4 thoughts on “Medical Journal: 11/16/18”

  1. I suppose UHC has determined that the cost-benefit of LDAP does not support raising people’s premiums to cover it. I think they should consider making an exception for high-risk patients like you, but maybe the administrative costs again outweigh the collective benefit.

    My wife was on some specialty drug that was nominally somewhere between $8000 and $15,000 a month. Without us doing anything the drug company offered it to us with a $10 a month copay. I have no idea how they really get paid for this drug. The neurologist switched her to an even more expensive drug, but even that came to only $100 for 90 days. Does anyone pay the crazy drug prices that are reported in the media, I wonder?

    1. I am glad there was something helpful available for your wife - but even $30 a month is still kind of a lot for one medication. There are a lot of people who couldn’t even pay that, or at least not without great difficulty.

      My guess is that, on paper at least, it is the people without insurance who get tagged with the sticker price. Many people don’t even think of bargaining.

  2. At some point, it would be interesting to hear how Mark’s numerous medical advisers dealt with a patient who knows about a hundred times as much as a typical one, and in the narrow field of his own condition about as much as they did. They do face the issue with patients who are themselves doctors, but I imagine have special bedside protocols for this much more common case.

    Oliver Sacks has illuminating pages about his own experience as a patient with a serious leg injury in A Leg to Stand On. Although he’s a top neurologist, his highly skilled orthopaedic surgeon in London treated him like a child.

    There’s potential for a Life of Brian sketch with an annoyingly informed bedridden patient quibbling with Jesus as miracle healer.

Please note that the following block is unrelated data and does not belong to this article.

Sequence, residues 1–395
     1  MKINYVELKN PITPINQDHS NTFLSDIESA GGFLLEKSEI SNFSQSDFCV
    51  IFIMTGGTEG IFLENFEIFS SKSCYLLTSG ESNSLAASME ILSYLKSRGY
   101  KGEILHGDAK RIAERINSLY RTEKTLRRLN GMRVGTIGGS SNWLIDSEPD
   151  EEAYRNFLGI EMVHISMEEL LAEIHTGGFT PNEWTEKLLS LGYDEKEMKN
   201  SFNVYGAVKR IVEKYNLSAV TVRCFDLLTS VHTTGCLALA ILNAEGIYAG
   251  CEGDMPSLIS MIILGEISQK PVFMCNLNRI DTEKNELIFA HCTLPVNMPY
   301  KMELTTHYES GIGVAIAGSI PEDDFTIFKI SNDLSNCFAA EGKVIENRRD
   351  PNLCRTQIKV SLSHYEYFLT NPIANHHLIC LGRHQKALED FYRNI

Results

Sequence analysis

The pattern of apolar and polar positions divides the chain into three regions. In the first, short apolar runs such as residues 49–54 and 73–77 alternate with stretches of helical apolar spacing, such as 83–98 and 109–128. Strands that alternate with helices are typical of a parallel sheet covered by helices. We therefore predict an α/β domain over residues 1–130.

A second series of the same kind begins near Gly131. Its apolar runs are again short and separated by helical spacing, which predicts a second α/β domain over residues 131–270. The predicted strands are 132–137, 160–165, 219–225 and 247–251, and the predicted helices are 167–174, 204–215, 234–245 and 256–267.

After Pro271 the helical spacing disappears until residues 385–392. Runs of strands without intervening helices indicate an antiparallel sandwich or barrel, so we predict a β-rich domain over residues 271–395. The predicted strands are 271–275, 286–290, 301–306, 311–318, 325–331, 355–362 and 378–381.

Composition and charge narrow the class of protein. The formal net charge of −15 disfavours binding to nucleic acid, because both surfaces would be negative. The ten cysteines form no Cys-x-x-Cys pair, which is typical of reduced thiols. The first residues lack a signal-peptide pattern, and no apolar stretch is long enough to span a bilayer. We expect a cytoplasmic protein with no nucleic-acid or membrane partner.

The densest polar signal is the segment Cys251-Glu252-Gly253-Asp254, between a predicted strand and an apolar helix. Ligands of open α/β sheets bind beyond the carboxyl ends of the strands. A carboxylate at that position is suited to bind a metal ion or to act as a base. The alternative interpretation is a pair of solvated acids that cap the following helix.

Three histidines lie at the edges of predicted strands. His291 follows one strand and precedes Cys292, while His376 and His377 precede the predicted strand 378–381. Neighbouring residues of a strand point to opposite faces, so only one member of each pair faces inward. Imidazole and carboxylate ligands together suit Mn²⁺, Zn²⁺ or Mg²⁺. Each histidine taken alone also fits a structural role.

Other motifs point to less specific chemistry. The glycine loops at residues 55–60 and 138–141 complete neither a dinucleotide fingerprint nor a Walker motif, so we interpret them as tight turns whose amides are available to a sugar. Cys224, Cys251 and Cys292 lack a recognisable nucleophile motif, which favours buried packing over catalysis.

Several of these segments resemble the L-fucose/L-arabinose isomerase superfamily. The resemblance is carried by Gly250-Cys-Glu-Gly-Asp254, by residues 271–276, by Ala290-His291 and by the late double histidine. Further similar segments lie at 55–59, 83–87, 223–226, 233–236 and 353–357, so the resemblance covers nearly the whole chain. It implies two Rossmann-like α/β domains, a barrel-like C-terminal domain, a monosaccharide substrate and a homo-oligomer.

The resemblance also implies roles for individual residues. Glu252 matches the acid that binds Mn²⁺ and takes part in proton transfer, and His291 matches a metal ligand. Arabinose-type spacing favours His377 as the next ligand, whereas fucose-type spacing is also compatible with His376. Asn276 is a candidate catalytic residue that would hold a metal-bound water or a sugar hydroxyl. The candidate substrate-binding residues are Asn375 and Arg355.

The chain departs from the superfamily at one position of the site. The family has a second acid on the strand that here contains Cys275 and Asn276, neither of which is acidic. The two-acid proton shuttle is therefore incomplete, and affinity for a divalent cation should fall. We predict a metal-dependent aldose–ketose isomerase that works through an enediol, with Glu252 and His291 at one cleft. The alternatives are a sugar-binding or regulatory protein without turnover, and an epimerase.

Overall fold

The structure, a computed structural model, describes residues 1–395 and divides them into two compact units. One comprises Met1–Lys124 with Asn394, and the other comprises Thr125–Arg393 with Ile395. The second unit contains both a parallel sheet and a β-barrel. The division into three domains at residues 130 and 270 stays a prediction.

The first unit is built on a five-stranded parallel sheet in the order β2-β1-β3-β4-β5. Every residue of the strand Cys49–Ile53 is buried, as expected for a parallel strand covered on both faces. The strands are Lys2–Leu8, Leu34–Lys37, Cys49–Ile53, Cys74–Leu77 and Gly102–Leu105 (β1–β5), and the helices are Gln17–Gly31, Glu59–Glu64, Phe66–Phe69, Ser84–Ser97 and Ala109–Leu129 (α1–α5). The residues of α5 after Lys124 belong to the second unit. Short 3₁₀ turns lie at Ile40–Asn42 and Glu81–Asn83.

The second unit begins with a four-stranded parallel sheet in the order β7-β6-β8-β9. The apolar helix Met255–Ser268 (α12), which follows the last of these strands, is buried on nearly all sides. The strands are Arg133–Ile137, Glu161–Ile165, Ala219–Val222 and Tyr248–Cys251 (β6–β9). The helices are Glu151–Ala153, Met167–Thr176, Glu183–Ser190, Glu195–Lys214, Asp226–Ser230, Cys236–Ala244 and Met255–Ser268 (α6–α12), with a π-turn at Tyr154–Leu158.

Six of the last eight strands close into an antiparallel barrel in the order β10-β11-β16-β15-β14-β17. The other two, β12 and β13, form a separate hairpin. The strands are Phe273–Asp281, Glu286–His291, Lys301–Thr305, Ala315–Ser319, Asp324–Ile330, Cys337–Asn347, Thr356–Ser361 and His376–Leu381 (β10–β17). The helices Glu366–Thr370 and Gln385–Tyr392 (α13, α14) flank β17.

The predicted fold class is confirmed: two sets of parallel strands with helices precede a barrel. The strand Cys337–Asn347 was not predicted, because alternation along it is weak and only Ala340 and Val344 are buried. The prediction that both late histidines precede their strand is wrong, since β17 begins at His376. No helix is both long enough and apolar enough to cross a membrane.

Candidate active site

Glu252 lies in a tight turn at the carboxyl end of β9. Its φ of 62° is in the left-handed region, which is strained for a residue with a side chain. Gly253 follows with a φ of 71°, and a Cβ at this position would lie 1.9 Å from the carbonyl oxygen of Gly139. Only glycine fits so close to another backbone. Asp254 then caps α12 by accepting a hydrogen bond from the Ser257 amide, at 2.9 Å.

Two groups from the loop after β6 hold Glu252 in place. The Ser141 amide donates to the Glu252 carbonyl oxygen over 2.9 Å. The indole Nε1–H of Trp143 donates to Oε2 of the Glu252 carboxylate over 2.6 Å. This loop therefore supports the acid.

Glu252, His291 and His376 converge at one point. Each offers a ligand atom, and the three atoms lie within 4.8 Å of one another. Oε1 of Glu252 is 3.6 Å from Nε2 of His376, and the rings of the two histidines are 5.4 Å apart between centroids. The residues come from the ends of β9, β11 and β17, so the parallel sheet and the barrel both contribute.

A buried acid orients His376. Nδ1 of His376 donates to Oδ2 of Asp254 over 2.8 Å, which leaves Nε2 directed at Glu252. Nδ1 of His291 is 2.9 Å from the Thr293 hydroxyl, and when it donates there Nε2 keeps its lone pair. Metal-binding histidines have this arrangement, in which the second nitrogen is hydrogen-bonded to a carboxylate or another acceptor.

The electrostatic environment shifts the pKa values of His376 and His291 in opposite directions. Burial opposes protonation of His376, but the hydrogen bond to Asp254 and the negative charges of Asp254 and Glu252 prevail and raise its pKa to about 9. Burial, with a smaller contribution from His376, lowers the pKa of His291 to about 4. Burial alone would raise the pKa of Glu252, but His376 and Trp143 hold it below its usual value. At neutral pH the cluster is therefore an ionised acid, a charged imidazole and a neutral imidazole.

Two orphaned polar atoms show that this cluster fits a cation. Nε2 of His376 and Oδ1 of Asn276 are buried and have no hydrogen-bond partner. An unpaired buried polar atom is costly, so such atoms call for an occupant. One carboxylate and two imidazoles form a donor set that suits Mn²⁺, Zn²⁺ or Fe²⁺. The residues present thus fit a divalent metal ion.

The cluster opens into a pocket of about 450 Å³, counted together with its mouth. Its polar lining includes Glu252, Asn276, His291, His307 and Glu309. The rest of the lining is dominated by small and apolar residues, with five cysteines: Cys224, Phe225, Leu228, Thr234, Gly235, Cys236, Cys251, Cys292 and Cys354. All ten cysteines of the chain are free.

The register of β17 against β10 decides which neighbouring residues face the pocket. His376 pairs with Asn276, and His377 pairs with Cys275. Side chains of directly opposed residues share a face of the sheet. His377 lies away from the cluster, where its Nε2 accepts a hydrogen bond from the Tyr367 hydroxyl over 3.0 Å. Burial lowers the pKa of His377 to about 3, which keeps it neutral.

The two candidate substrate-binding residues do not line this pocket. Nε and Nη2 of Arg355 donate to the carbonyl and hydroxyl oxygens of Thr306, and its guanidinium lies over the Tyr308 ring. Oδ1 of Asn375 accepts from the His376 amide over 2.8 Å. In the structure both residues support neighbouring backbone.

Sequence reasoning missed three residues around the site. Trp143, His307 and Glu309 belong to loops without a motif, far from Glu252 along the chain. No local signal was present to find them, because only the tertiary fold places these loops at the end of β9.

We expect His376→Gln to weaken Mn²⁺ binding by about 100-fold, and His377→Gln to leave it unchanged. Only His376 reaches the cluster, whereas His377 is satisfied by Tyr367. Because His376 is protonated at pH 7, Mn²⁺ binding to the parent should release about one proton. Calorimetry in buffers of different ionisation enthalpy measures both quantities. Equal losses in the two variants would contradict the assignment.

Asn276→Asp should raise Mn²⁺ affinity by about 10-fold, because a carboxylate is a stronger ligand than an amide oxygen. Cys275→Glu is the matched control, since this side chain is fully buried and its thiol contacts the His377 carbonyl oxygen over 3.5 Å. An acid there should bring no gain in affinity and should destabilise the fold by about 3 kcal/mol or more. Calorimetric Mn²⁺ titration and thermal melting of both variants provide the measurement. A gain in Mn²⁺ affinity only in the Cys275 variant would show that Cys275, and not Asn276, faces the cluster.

3. This story illustrates just how much is demanded of the sick person in our system. To get a price you can-perhaps-afford, you have to (a) be aware that this is not a fixed-price system, like almost everything else in the U.S., but a system where bargaining is not only possible but rewarded; (b) have the self-assurance to question the price in the face of “customer-facing” personnel, who probably just wish you’d hand over your credit card already and not give them any more grief about it; (c) once you have found out that you can go up the line, have the physical and mental stamina to insist on doing so until you reach someone who has some control over the price; (d) hang out until that person becomes available; (e) make your case *again* to that person; (f) go fetch the print-out coupon or whatever authorization may be required; (g) keep an eye on the process throughout to make sure people down the line are honoring the decision made up the line.

    This is tough enough for those with specialized knowledge and resources. It must be truly daunting for those without, and even for those with specialized knowledge and resources, the mental and physical exhaustion is close to overwhelming.

    The system needs fixed.

Comments are closed.